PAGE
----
The Oxford comma

Why do US American sources refer to the Oxford comma (also known as the serial comma)? My old copy of the Chicago Style Manual doesn’t call it that. It’s the standard thing in the USA. In the UK, the Oxford University Press famously differs from the many in permitting -ize as well as -ise (subject of another rant since someone in the EU has decided it must always be -ise) and in supporting the use of the serial comma.

Court cases about punctuation are always fun. The latest one was in the USA and concerns the following text:

(Overtime rules do not apply to:)
The canning, processing, preserving, freezing, drying, marketing, storing, packing for shipment or distribution of:

(1) Agricultural produce;

(2) Meat and fish products; and

(3) Perishable foods.

Should it be packing for shipment or distribution, or packing for shipment, or distribution? that is, does it refer to distribution, or just to two kinds of packing?

The New York Times reports:
Lack of Oxford Comma Could Cost Maine Company Millions in Overtime Dispute

It refers to the Maine Legislative Drafting Manual, which says this about commas:

Commas are probably the most misused and misunderstood punctuation marks in legal
drafting and, perhaps, the English language. Use them thoughtfully and sparingly.

A. Series. Although authorities on punctuation may differ, when drafting Maine law or rules, don’t use a comma between the penultimate and the last item of a series.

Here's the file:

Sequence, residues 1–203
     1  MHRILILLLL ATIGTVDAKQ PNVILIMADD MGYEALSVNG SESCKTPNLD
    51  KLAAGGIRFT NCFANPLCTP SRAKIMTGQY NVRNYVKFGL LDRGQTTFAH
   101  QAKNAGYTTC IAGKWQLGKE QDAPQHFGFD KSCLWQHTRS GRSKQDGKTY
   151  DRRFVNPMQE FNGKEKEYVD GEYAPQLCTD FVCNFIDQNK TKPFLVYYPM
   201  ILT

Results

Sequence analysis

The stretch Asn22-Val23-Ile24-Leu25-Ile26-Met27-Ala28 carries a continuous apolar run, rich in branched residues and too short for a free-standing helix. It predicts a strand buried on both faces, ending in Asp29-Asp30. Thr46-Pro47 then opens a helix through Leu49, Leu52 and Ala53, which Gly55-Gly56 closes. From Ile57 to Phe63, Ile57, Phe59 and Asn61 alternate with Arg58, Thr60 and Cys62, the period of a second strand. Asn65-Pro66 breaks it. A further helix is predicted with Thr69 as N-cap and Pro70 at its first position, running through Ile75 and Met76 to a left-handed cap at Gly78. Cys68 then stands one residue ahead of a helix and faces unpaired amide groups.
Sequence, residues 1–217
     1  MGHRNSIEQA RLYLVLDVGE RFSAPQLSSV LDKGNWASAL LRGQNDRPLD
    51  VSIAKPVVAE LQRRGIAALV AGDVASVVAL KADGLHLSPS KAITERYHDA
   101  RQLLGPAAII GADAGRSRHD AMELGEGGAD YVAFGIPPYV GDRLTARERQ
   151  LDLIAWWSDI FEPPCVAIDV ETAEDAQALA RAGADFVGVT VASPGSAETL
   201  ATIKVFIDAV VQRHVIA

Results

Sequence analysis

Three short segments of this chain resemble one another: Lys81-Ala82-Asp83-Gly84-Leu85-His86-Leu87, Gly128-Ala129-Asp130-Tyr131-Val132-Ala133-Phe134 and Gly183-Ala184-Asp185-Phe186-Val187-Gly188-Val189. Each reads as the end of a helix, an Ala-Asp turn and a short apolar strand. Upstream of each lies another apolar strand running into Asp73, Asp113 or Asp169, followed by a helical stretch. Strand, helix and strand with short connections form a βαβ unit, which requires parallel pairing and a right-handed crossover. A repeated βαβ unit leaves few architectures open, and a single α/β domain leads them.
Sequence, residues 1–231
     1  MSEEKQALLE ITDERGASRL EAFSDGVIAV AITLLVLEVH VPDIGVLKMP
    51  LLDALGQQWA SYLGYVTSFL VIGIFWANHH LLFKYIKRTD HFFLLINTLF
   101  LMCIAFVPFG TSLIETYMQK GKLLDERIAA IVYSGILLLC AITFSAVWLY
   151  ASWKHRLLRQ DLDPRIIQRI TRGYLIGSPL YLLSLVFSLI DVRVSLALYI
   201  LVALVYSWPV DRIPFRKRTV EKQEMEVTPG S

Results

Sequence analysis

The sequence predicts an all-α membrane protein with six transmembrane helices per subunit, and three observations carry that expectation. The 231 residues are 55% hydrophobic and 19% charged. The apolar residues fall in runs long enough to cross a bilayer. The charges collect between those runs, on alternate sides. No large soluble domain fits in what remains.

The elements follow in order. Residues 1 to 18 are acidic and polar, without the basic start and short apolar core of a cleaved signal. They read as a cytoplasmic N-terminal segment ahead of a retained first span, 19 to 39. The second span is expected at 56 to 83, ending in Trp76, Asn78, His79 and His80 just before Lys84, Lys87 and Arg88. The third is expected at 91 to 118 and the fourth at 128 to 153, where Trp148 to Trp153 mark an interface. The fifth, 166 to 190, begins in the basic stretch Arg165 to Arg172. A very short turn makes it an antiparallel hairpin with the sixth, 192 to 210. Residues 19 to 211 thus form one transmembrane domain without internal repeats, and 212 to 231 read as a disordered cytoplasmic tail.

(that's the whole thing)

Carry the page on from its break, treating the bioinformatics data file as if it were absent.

Do not write:
Trailers, semitrailers, and pole trailers
Write: Trailers, semitrailers and pole trailers

The Maine Legislative Drafting Manual does not call it the Oxford comma. What British person has been influencing the US media this week?

LATER NOTE: Lynne Murphy says ‘Oxford comma’ is the more common term in USA and there is a song by Vampire Weekend, ‘Oxford Comma’. Wikipedia has more:

On January 28, 2008, Michael Hogan of Vanity Fair interviewed Ezra Koenig regarding the title of the song and its relevance to the song’s meaning. Koenig said he first encountered the Oxford comma (a comma used before the conjunction at the end of a list) after learning of a Columbia University Facebook group called Students for the Preservation of the Oxford Comma. The idea for the song came several months later while Koenig was sitting at a piano in his parents’ house. He began “writing the song and the first thing that came out was ‘Who gives a fuck about an Oxford comma?'” He stated that the song “is more about not giving a fuck than about Oxford commas.”

It looks to me, but what do I know, as if the term was taken up because it seemed weird. Lynne says (on Twitter) that the Chicago Manual would not call it the Oxford comma because OUP is a rival publisher. I’m not now going to research how long the term has been used in the USA because it is very low on my list of things to do.